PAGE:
Porirua mother relieved her home will be warmer this winter

By Tema Hemi

A Porirua mother is relieved her home will be more safe for her and her children this winter thanks to the Porirua East Housing Project, which brings together local community organisations in a bid to improve houses and ensure they're keeping children healthy.

The mother, who wishes to remain anonymous, says, "{It was] just the little things that helped.  They gave heaters, blankets, pillows, door-stoppers to stop the heat from escaping.  The heat pump, the hot water cylinder and the upstairs and downstairs insulation."

Now her and twenty other Porirua families will receive much needed support and warmth for their homes under the project. 

"I'm really sad because I tried to do everything that I could but it wasn't enough to help my kids.  I didn't believe it at first and then they came over and showed me things they could help me with.  I was shocked," the mother says. 

Tū Ora Compass Health's Ranei Wineera-Parai has been heading the project and has secured funding from local organisations including the Hutt Mana Charitable Trust, which donated $125,000 to top up government funding. 

Wineera-Parai says, "The Porirua East Housing Project is a collaboration that came about through knowing that there are a lot of health reasons that are impacting, particularly our babies, our tamariki, because of the state of their home."

Member of the Hutt Mana Charitable Trust, Nick Legget says, "We give a lot of money away every year in the Wellington region.  What we really like to do is see that resource go to whānau who are most in need."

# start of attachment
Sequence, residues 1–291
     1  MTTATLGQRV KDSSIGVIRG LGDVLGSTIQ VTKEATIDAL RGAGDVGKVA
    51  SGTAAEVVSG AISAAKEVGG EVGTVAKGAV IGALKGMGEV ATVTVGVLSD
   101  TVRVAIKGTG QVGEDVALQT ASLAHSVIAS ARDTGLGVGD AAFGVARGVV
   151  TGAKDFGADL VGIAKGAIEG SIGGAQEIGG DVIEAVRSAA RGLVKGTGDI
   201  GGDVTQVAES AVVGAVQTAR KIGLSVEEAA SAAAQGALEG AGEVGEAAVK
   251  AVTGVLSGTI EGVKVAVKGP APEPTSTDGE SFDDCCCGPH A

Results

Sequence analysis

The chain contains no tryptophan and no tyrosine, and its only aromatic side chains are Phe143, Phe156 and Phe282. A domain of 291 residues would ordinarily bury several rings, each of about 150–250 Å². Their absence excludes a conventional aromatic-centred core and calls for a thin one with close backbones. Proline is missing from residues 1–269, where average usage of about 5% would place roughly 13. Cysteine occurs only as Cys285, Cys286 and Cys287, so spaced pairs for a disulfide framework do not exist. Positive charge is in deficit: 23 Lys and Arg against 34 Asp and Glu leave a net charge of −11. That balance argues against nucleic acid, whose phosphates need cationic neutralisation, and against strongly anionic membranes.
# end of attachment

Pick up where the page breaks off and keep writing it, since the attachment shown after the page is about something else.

Twenty homes, a mix of privately owned, rentals and state-owned are part of the project.  The families involved were referred to the project because their children have been in hospital with respiratory illnesses in the past six months.

Health Minister David Clarke is pleased with the project's progress and the benefits it has produced. 

"I'm delighted when housing is brought up to scratch.  We know that a disproportionate burden on the health system [results from] poor housing as a result of conditions related to poverty," says Clarke. 

"Its so much better," says the Porirua mother, "Its so much warmer now.  I haven't had to worry about taking my kids to the hospital or anything.  I'm really grateful that I'm one of the twenty.  I feel very blessed and honoured to be getting the help that I am."

 Now she has no worries about her home this mother is looking forward to a healthy future for her tamariki.